Summer’s Five Best Celebrity Memoirs
By Julia Vitale - Vanity Fair
Retta eats a cockroach, Leonard Bernstein’s daughter Jamie remembers her dad’s presence on President Nixon’s “enemies list,” David Lynch believes that artists should never get married, and more...
Famous Father Girl by Jamie Bernstein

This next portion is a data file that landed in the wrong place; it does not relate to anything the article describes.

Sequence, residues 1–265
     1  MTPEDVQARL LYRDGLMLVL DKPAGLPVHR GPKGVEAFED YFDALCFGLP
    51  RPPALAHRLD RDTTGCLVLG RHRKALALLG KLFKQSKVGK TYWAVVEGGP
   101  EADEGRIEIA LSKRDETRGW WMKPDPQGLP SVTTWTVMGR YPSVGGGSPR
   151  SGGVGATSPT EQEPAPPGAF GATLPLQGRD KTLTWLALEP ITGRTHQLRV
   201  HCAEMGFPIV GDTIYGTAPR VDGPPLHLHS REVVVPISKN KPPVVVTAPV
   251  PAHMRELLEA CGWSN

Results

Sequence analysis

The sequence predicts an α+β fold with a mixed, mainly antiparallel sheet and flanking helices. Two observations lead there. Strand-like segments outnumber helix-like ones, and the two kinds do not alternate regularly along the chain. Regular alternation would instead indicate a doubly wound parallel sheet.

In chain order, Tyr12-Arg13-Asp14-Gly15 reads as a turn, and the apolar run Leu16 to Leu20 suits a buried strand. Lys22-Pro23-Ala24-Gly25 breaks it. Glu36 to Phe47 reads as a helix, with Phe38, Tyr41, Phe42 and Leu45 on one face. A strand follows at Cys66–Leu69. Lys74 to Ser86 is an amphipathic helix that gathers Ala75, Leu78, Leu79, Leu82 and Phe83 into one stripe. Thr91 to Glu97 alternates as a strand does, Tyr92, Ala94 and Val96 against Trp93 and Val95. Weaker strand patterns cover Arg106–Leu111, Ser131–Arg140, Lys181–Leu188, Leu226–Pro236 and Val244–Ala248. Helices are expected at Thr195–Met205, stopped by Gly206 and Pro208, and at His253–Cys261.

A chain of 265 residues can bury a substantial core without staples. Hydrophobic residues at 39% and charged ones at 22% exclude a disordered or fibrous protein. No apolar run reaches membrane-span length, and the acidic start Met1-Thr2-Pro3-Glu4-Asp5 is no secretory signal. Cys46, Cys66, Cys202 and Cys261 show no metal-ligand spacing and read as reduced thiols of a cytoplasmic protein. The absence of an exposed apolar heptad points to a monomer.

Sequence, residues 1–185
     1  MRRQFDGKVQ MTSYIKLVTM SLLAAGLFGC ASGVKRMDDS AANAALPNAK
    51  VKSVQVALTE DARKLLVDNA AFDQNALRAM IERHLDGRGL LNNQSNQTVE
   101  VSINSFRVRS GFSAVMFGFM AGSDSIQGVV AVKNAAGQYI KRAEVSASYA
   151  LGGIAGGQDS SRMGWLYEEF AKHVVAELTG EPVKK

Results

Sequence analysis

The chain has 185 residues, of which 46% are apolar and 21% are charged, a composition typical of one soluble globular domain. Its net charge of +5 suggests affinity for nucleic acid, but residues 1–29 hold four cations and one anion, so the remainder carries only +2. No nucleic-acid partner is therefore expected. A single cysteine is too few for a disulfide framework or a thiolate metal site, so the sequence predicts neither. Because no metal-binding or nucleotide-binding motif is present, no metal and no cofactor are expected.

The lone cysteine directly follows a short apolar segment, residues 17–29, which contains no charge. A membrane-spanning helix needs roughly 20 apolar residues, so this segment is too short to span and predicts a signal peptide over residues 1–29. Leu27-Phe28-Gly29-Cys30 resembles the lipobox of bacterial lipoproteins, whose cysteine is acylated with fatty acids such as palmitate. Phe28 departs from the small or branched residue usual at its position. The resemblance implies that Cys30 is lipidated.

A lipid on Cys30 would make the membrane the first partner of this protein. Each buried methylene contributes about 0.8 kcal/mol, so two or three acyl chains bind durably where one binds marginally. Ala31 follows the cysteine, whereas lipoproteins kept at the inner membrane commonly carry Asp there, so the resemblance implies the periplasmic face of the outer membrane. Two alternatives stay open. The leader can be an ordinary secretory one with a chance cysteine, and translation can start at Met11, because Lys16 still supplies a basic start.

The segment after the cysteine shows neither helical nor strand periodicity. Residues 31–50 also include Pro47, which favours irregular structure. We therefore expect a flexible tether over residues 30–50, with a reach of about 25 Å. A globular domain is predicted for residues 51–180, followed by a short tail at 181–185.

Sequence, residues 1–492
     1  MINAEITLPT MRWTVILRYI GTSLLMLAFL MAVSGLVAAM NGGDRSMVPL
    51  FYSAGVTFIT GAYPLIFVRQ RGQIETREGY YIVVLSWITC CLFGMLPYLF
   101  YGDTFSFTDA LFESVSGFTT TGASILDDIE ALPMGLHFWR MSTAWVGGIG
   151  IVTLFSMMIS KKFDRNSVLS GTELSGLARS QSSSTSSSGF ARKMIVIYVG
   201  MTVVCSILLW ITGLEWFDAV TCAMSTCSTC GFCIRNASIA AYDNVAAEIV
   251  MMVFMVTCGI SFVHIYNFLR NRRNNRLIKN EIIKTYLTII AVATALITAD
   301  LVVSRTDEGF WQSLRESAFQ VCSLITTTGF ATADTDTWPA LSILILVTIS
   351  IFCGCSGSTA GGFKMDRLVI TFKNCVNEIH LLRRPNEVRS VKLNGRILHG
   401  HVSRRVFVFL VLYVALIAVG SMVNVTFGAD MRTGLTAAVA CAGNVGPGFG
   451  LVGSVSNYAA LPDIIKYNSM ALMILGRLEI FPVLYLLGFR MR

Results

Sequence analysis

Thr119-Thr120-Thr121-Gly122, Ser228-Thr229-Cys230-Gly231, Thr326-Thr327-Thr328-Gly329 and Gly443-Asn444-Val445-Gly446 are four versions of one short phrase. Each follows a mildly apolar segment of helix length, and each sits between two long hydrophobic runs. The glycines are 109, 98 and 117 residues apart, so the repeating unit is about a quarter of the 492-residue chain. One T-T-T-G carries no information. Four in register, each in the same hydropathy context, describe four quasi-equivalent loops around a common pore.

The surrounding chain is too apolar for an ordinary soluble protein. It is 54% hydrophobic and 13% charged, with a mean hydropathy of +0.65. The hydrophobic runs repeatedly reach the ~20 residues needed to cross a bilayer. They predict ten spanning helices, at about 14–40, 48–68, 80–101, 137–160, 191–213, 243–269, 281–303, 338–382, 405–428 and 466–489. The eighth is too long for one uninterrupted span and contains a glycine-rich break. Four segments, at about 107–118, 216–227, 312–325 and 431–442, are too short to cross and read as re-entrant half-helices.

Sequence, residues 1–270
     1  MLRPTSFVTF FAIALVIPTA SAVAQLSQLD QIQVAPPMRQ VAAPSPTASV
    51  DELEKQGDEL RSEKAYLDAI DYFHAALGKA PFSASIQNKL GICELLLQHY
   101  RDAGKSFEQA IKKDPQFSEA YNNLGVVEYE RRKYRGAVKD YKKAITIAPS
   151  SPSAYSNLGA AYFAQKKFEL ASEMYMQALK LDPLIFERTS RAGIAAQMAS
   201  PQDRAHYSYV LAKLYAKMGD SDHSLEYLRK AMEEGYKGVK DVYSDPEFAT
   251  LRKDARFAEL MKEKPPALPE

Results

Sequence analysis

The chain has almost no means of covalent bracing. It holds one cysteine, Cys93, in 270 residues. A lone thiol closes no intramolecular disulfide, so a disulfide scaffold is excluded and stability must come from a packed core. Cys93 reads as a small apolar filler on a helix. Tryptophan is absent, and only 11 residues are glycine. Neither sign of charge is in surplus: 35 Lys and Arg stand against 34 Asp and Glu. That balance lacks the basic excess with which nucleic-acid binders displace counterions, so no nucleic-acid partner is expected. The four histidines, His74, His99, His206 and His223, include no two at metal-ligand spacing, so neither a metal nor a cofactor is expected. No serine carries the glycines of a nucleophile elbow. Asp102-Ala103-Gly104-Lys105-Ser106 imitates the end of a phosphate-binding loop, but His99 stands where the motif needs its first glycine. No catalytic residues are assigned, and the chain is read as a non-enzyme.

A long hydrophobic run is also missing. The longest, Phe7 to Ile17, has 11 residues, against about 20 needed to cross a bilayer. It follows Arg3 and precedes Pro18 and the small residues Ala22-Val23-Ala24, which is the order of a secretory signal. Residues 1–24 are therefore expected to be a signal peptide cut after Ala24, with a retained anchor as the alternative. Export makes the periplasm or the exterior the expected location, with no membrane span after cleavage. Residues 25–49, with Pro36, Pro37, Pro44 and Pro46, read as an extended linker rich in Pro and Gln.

Jamie Bernstein was not yet born when her father, Leonard Bernstein, debuted with the New York Philharmonic; and she was only five when West Side Story, for which Leonard produced the renowned score, opened on Broadway. Coming out in Leonard’s 100th-birthday year, Famous Father Girl (Harper) is an intimate look at the famous, and famously private, musician, whose 7 Emmys only begin to scratch the surface of his musical achievements. Jamie Bernstein remembers a world in which her father was the shining center: she grounds the pictures, news stories, and rumors that for years surrounded the late composer with detailed memories, offering stories about Francis Ford Coppola and Jackie Kennedy, her father’s presence on President Nixon’s “enemies list,” and the “FBI’s ever-thickening Leonard Bernstein file.” His dossier, it turned out, was 800 pages long: “J. Edgar Hoover had been obsessing on Leonard Bernstein since the 1940s,” Jamie writes, and Leonard eventually discovered such informants’ entries as “‘I know that Bernstein is a card-carrying Communist but I have no proof of it but I can tell by the way he walks.’” The memoir isn’t all gossip and glamour. Jamie doesn’t shy away from her parents’ fraught marriage, for instance, revealing what Felicia, her mother, wrote to Leonard in the year of their wedding: “‘You are a homosexual and may never change. . . . I am willing to accept you as you are, without being a martyr and sacrificing myself on the L.B. altar.’” Jamie continues with the sad outcome, years later: “[Felicia] believed she could handle it all . . . And she did handle it, for a long time. But then there was Tommy Cothran [Leonard’s lover]. And a mastectomy. And loneliness.” Jamie also delves into Leonard’s failed efforts to produce a musical success later in life and his increasing dependence on drugs and alcohol, as well as her own challenges in having Leonard Bernstein as a dad: “There was a subliminal discomfort in being perpetually brought to a state of ecstasy by one’s own father[’s music].” No wonder that it was only well after his death that Jamie found her true calling professionally: “I was the poster child for life beginning at fifty.”